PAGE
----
Given that we are now well into the 2013/14 financial year, OBT reflects on the key changes and identifies some of the possible impacts to your financial situation:
So what has changed?
A number of areas of the superannuation system have been targeted to make the system fairer and more sustainable over the long-term. Some of the key changes include:
- An increase in the contribution caps for individuals above a certain age
- A change to the way certain excess superannuation contributions are taxed
- An increase to the taxation of contributions for high income earners
Evidently, the main theme has been to reduce the tax concessions available within the superannuation system. It is important to note however, that despite these changes, superannuation remains a very tax-effective environment and should generally form a key strategy in most people’s retirement plans.
Increase to the contributions caps
Beginning this financial year, the cap on pre-tax superannuation contributions (referred to as concessional contributions) has been increased by $10,000 to $35,000 for those who turn 60 during the year. This higher cap will be available to those aged 50 and over from 1 July 2014.
The higher cap provides the opportunity for those who meet the age requirements to increase their contributions to superannuation as they approach retirement. Given the tax-effective nature of the superannuation environment, this in turn provides the opportunity to lead a more comfortable lifestyle in retirement.
If you meet the age requirements, you should meet with us to ensure you take advantage of this window of opportunity.
A change to the way excess contributions are taxed
After much industry pressure, the Government has reformed the superannuation contribution rules to ensure the penalties for exceeding the concessional contribution cap are more appropriate. Historically, such contributions could have been taxed at up to 93% depending on the nature of the transgression.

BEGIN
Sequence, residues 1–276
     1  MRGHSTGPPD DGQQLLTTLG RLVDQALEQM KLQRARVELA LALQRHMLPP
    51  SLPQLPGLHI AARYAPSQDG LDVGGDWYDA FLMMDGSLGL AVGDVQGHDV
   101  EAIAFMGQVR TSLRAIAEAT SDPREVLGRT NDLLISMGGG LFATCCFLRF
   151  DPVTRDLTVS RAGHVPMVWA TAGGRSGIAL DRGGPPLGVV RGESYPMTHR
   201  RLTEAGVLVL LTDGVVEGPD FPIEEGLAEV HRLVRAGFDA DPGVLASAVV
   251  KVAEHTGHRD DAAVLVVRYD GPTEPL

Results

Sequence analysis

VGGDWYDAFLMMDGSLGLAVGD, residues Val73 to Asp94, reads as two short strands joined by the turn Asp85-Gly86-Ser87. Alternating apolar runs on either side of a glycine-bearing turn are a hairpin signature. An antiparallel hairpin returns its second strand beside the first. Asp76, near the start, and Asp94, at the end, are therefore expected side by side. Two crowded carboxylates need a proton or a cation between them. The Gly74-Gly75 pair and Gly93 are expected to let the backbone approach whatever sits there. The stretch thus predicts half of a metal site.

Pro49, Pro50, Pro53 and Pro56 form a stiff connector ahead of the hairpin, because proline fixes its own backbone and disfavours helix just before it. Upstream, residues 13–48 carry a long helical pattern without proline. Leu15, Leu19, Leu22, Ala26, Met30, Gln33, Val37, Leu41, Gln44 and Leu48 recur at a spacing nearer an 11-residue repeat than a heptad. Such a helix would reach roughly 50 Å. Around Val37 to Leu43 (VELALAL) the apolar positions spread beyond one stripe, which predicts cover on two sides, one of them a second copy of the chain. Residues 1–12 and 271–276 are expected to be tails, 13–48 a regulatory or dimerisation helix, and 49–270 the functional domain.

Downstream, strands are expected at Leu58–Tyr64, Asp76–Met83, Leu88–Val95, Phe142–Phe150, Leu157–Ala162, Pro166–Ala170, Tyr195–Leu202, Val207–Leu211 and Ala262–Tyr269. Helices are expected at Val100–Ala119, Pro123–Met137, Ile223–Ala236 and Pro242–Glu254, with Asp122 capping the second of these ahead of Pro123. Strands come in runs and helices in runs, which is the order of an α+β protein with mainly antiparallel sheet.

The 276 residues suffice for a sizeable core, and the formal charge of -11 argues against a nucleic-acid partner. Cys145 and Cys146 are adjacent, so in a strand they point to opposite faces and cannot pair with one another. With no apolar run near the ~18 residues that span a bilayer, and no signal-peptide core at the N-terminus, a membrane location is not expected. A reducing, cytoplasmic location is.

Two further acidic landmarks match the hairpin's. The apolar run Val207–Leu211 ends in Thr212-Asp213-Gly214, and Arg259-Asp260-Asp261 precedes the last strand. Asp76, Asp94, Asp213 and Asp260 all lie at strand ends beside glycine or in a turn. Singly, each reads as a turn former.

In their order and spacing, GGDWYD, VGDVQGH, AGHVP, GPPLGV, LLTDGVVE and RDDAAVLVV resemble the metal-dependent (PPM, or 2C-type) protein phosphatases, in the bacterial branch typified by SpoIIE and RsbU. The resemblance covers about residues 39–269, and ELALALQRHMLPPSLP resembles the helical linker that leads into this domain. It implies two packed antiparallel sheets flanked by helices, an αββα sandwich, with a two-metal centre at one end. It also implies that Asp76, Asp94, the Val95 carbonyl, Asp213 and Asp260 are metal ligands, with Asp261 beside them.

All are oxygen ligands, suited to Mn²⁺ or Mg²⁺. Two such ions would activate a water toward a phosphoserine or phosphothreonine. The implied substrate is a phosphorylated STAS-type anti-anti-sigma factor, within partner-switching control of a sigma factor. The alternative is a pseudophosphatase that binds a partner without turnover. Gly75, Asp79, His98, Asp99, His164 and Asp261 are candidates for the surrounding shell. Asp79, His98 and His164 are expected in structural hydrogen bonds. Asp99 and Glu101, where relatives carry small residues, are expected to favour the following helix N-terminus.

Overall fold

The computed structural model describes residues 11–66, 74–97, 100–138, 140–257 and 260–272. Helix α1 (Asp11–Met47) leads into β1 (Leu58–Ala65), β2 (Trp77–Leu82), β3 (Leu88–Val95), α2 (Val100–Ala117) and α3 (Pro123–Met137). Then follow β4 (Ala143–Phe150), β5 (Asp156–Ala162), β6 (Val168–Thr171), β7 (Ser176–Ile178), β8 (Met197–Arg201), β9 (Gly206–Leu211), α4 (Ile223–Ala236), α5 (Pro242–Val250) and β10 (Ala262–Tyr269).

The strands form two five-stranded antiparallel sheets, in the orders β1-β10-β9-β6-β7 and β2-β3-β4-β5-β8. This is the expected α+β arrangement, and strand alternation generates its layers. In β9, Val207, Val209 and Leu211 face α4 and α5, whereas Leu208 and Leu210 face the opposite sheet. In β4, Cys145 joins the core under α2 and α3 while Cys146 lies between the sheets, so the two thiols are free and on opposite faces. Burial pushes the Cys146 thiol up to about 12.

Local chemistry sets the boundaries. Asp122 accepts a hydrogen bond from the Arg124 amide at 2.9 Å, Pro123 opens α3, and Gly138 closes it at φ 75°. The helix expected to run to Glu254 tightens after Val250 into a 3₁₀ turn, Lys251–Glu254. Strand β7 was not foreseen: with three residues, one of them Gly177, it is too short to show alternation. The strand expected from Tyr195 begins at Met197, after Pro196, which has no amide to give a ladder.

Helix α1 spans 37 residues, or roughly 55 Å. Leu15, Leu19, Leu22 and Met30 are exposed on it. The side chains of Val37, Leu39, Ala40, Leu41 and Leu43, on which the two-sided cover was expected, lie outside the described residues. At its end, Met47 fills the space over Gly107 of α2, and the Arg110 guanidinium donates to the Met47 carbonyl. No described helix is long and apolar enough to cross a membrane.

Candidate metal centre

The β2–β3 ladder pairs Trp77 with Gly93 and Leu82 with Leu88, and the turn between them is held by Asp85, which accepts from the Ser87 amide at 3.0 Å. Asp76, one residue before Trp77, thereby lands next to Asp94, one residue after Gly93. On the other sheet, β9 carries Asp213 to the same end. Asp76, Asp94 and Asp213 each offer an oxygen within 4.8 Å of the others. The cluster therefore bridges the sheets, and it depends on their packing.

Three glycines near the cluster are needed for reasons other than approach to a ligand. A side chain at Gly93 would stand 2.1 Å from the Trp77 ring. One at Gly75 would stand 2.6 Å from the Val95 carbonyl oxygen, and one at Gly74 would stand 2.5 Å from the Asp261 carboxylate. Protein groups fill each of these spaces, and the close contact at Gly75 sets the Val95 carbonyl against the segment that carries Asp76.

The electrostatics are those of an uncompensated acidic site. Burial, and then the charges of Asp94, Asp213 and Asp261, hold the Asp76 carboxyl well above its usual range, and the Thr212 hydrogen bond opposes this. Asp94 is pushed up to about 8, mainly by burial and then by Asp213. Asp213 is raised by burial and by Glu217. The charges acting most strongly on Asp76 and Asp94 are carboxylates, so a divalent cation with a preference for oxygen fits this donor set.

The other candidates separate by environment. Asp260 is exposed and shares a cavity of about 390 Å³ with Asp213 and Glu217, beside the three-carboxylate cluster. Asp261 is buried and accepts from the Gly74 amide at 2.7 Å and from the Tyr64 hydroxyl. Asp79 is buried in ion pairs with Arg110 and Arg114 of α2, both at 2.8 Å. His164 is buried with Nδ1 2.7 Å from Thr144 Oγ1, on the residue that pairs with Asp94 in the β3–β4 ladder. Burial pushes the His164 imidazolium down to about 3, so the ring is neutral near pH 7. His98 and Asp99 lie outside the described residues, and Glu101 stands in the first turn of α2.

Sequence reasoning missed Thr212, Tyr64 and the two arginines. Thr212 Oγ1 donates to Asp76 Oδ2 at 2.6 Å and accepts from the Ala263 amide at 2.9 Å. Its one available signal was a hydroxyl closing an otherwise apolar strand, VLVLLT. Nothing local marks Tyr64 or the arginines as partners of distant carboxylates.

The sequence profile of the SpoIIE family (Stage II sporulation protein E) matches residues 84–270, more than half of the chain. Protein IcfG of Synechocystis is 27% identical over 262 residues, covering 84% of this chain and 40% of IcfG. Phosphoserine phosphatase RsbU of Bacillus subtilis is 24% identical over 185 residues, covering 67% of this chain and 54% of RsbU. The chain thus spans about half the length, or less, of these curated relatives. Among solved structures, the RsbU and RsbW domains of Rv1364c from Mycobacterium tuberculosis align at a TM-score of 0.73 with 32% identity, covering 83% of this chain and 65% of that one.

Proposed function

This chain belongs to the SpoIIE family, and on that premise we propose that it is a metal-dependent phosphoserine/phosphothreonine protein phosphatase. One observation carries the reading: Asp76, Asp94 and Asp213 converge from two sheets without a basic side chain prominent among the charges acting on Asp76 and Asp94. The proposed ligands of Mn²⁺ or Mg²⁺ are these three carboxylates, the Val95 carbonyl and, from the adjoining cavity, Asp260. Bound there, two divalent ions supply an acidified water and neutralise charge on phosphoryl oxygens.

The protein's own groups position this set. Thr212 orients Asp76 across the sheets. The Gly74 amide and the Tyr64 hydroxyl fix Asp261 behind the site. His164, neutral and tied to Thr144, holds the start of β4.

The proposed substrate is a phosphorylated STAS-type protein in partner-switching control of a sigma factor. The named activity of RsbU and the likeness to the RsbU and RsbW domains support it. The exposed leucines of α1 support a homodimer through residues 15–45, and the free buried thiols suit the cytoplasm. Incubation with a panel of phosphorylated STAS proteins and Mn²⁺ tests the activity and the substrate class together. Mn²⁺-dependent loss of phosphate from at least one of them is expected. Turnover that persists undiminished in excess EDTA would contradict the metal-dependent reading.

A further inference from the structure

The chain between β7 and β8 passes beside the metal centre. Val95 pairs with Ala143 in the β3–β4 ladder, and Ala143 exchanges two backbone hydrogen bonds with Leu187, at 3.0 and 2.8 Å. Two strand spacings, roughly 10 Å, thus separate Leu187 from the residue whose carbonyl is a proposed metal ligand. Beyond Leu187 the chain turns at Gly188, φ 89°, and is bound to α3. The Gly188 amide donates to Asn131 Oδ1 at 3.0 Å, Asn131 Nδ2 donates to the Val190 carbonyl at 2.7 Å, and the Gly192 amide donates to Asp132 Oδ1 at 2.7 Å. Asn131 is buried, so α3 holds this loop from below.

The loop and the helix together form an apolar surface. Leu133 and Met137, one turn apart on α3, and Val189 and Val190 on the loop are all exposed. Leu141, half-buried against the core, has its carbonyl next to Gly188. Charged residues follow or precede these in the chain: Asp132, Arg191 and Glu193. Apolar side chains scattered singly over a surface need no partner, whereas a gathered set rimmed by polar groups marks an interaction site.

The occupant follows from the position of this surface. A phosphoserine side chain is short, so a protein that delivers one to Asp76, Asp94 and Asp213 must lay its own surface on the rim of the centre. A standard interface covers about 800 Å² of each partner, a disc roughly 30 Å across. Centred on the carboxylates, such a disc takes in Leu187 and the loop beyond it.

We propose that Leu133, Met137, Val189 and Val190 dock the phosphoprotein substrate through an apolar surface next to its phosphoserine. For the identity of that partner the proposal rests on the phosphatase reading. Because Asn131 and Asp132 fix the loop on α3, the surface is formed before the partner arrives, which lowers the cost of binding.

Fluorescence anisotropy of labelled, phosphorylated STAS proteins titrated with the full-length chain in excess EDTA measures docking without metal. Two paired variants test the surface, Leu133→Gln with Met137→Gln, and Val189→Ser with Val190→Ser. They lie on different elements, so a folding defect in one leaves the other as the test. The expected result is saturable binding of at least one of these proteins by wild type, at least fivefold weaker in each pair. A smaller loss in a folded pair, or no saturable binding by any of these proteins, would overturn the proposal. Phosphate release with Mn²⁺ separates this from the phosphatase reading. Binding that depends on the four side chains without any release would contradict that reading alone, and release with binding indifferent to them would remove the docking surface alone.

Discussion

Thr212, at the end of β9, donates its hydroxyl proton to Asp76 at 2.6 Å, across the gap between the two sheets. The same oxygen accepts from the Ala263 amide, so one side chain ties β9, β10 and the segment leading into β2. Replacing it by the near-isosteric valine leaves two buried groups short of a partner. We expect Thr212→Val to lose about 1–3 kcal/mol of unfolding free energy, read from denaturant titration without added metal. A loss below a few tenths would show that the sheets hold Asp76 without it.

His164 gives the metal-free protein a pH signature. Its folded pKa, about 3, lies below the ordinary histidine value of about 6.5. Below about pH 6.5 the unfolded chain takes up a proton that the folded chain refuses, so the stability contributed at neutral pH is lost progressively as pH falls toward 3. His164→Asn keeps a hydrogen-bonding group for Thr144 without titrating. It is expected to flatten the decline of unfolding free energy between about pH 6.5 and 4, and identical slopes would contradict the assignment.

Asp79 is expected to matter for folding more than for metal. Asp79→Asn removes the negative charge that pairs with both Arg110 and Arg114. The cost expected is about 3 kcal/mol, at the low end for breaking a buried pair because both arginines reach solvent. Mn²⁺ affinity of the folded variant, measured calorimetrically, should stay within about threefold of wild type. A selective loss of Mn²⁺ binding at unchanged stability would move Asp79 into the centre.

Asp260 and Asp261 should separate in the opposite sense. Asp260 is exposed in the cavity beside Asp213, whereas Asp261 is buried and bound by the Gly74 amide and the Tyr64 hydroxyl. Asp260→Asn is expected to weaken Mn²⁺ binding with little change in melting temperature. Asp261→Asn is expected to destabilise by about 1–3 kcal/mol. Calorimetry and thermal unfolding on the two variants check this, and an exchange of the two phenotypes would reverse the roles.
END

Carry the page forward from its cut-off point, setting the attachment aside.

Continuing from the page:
Under the new rules, an excess concessional contribution is effectively taxed at the individual’s marginal tax rate and in any case, at a rate of no more than 31.5%. The excess contribution can be withdrawn from superannuation to assist in funding the penalty.
Moreover, withdrawing the excess contribution will ensure that no other excess contribution penalties are incurred.
As always, seek advice from your OBT financial advisor should you receive a letter from
the tax office indicating you have an excess contribution. If the wrong decisions are made, a large tax penalty could result.
Increased taxation of contributions for high income earners
Those on very high incomes (around $300,000 and above) may be liable for an increased tax on concessional contributions. Typically these contributions are taxed at 15% however with this reform an additional 15% tax could be imposed, that is a total of 30%.
This reform may sound relatively straight forward, however in practice it is quite complicated with a number of issues needing to be considered. Again seek advice from your OBT financial advisor prior to making any decisions.
While these reforms have some impact on the overall benefits of investing in superannuation, overall super still remains a tax-effective environment. However it’s important with any decision regarding your superannuation that you seek advice from your OBT Financial Advisor to ensure you make the right decisions now thereby optimising
your financial situation over the long-term. 07 5462 2277.